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I came across an exercise in my schoolbook in which only unexpected was an accepted answer. I did some research, and found out that unexpectable is not a word you can find in dictionaries such as Oxford and Cambridge. However, Merriam Webster offers a definition for it and this is a dictionary I trust. My question is... is the latter accepted only in spoken language? If not, what is the difference between the two words?

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    The Ngram gives no return for 'expectable/unexpectable' against 'expected/unexpected'.
    – Nigel J
    Commented Mar 15, 2018 at 22:03
  • Please include the research you’ve done. Commented Mar 16, 2018 at 1:39
  • I have (as hyperlinks).
    – Alister
    Commented Mar 18, 2018 at 7:36

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Unexpected is certainly the word you'd see the most (of the two).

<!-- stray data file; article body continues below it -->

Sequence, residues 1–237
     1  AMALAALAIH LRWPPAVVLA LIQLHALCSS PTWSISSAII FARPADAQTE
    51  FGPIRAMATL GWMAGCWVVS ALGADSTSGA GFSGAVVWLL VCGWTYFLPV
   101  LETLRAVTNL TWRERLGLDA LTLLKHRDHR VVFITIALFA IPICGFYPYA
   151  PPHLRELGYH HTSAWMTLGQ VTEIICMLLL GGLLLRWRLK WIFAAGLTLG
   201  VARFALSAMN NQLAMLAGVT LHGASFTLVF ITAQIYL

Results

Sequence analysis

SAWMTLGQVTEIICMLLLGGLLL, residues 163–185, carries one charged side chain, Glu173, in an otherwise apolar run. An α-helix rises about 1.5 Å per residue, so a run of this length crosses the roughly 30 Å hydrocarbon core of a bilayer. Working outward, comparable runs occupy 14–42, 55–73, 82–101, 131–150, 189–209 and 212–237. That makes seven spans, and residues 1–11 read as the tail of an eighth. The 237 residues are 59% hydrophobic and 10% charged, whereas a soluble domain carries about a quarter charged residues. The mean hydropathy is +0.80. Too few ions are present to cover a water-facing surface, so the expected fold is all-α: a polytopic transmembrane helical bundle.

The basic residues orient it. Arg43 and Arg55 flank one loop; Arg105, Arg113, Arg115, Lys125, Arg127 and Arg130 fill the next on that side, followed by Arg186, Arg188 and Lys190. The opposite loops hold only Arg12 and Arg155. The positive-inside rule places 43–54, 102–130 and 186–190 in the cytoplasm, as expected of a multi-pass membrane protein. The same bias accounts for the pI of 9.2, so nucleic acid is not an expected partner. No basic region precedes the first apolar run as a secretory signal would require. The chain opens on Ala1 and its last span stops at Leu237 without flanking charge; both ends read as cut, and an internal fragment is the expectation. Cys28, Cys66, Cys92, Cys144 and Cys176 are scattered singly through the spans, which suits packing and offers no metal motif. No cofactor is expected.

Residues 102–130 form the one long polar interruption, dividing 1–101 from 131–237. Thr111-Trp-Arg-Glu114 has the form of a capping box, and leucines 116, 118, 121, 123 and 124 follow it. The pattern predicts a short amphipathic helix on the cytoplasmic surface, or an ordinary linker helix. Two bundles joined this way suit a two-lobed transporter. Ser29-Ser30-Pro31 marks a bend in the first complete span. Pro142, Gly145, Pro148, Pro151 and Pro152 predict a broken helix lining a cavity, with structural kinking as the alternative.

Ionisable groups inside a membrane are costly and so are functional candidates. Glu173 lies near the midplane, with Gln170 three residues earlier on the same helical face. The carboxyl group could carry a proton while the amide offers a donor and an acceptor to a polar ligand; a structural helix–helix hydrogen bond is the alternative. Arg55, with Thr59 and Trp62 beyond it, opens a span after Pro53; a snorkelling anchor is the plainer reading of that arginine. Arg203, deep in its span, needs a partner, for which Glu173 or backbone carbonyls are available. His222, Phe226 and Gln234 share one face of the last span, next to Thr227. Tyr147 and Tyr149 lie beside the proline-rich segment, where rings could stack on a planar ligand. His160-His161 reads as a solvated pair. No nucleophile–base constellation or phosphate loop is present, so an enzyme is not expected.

According to CD, unexpected, means:

not expected

According to MW, unexpectable means:

unpredictable

Those two are not the same, the first means: not in the line of expectation, it is not what we would expect. Unpredictable means something is hard or impossible to predict. Some example sentences (to clarify their meaning):

That was unexpected, I never thought I'd win the lottery.

Yesterday was totally unexpectable, the magician predicted the lottery numbers just hours before the draw!

As for if unexpectable is correct and addressing the word not being in most dictionaries, it has a prefix, "un", once we leave that out, we get expectable, which has an entry in ELD, but no definition (merely a redirect to expect). The question whether expectable is a proper word is also addressed on quora, where multiple users agree and argue it is a word.

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